Archbishop Emanuel Gerada, who was instrumental in negotiating the 1969 agreement between the Church and the Labour Party, died yesterday, aged 90.
Described as a generous, well-read and intelligent man, the Vatican diplomat made international headlines in 1980 following the assassination of Archbishop Oscar Romero in El Salvador, where Mgr Gerada was apostolic nuncio.
His friends and colleagues, Fr Frans Schembri and Mgr Arthur Said Pullicino, recalled the landmark moments in the life of Mgr Gerada, who was ordained in August 1943.
After obtaining his doctorate in Canon Law and pursing a course leading to diplomatic service with the Holy See, he travelled to many countries as a Vatican representative.
In 1967, Mgr Gerada returned to Malta from Mexico when he was appointed auxiliary to Archbishop Michael Gonzi.
“When he came back to Malta, he was intended to be the successor of Archbishop Gonzi and was given the task of finding a solution to the issue between the Church and the Labour government,” Fr Schembri said.
Mgr Said Pullicino, who was his secretary between 1968 and 1973, added: “It was not an easy task but he was a diplomat and he did his job well.”
Following politico-religious disagreements between the Catholic Church and the Labour Party, led by Dom Mintoff in the early 1960s, the Church had issued religious sanctions against the party.
Catholic Labour supporters were denied burial in the blessed part of cemeteries and voting Labour was declared a mortal sin. In 1969, the two sides reached an agreement and the Church lifted its sanctions against the party.
In 1973, Mgr Gerada resumed his career in the Holy See’s diplomatic service and was appointed apostolic nuncio to El Salvador and Guatemala.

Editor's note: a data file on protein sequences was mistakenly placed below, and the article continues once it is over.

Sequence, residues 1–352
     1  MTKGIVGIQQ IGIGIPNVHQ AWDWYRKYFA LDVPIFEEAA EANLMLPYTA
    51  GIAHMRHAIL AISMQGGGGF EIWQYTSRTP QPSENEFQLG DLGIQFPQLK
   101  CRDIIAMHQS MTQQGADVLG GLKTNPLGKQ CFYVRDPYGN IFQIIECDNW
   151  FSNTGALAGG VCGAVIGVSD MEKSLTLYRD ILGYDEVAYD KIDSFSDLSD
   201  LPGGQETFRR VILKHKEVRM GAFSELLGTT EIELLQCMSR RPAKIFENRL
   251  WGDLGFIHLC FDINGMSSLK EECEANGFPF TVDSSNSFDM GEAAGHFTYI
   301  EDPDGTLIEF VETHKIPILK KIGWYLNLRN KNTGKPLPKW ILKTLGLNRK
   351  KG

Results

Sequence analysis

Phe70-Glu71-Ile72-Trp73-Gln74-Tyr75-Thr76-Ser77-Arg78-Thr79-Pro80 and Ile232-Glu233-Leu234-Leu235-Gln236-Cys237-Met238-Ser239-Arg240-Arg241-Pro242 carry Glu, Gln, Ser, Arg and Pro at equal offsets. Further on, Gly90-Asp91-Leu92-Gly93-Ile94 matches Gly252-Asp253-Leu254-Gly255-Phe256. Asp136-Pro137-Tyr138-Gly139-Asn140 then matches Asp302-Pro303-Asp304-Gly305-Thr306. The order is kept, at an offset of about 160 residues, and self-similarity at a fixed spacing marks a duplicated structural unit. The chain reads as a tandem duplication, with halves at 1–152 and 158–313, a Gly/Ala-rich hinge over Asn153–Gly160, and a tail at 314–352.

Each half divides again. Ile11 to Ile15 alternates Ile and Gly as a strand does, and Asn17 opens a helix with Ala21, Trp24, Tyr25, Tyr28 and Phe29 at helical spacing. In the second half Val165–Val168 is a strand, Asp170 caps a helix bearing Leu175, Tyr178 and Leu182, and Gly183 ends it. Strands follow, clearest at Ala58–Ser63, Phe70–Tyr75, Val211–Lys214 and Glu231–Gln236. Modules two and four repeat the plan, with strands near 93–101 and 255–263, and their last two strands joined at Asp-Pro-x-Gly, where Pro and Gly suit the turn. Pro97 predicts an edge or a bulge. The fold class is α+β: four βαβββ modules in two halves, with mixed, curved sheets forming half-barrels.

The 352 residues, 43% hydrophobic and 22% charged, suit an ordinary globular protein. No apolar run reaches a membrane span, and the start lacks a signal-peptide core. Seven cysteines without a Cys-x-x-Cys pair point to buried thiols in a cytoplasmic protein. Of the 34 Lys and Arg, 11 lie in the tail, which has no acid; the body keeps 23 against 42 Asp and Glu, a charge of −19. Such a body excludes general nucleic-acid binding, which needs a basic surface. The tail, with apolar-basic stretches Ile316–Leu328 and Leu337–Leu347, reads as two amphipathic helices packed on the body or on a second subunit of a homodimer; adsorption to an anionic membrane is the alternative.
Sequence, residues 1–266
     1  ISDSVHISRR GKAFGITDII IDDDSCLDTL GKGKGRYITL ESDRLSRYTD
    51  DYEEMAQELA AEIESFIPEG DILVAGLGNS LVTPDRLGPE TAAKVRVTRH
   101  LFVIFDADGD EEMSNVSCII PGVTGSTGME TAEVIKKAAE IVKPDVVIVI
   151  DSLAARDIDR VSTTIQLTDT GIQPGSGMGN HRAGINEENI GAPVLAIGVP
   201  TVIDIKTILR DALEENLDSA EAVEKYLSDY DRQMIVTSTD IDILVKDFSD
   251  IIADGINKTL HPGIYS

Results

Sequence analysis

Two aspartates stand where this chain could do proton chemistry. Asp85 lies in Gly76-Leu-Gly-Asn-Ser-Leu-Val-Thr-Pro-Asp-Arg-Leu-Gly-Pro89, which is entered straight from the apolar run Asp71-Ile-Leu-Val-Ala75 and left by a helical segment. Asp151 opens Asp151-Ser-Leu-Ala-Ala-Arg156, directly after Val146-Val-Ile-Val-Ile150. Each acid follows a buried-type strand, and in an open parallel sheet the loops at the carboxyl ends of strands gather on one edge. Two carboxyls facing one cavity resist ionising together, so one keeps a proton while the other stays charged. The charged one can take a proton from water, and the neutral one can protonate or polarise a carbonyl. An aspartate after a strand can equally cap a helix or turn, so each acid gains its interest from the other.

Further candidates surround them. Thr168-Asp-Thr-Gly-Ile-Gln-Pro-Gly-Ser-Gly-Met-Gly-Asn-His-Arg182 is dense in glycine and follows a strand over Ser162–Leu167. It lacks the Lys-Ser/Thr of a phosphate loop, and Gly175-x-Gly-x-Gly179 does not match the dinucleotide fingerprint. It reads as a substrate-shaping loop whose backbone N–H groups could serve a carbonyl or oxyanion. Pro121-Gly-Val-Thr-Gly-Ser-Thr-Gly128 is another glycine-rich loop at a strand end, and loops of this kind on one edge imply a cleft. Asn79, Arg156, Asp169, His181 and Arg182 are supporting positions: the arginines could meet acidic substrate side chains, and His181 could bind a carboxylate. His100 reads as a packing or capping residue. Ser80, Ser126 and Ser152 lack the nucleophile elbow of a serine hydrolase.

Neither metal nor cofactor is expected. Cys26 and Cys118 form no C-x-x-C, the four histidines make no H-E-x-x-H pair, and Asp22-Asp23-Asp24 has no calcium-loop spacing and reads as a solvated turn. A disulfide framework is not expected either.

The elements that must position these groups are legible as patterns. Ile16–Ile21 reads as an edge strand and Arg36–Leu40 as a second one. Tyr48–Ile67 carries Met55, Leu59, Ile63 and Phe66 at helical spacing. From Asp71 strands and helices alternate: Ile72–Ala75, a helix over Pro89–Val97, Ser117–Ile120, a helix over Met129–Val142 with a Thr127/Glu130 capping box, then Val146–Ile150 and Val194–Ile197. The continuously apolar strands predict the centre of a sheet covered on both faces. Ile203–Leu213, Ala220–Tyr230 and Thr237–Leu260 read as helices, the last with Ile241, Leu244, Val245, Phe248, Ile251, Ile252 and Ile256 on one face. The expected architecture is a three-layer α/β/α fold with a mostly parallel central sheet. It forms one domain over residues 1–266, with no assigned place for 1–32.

El Salvador Archbishop Oscar Romero was shot dead while celebrating Mass on March 24, 1980 after denouncing human rights abuses in his country. His outspokenness was not appreciated by the Vatican which, at the time, was represented by Mgr Gerada.
Fr Schembri said there were two interpretations of what had happened. Some said Mgr Gerada had advised Mgr Romero to tone down his message as he was endangering his own life. But others believed Mgr Gerada had asked Mgr Romero not to voice his beliefs.
Mgr Gerada’s next postings were those of apostolic nuncio to Pakistan and Ireland. He retired in Malta in 1995 and lived in his hometown, Żejtun.
His niece, Louise Farrugia, always remembered him as a very generous and loving uncle who went out of his way to help everyone. He was also intelligent and a successful diplomat, she said.
“He was always the uncle who came from abroad, so it was very exciting to see him... I remember one time when I was a child I was really happy when he got me a perfume from Ireland,” she recalled.
He was very close to her father, his late brother, who passed away while he was based in Pakistan in 1987. “He took it upon himself to take my mother there for three months to distract her from her grief... She returned a changed woman as she helped bring a baby for adoption to Malta,” Ms Farrugia recalled.
Mgr Gerada’s funeral cortege leaves Mater Dei Hospital on Monday at 4 p.m. for the Żejtun parish church. A cortege leaves Carlo Diacono Square at 4.30 p.m. for the oratory (near the parish church) where Mgr Gerada will be lying in state till 8 p.m. On Tuesday, the public will be able to pay their last respects between 7.30 and 10 a.m. The cortege then leaves at 10.30 a.m. for St John’s Co-Cathedral, Valletta, where the bishop will lie in state till 2.30 p.m. Funeral Mass will be held at 3 p.m. celebrated by Archbishop Paul Cremona. Mass will be followed by interment at the family grave in Żejtun.
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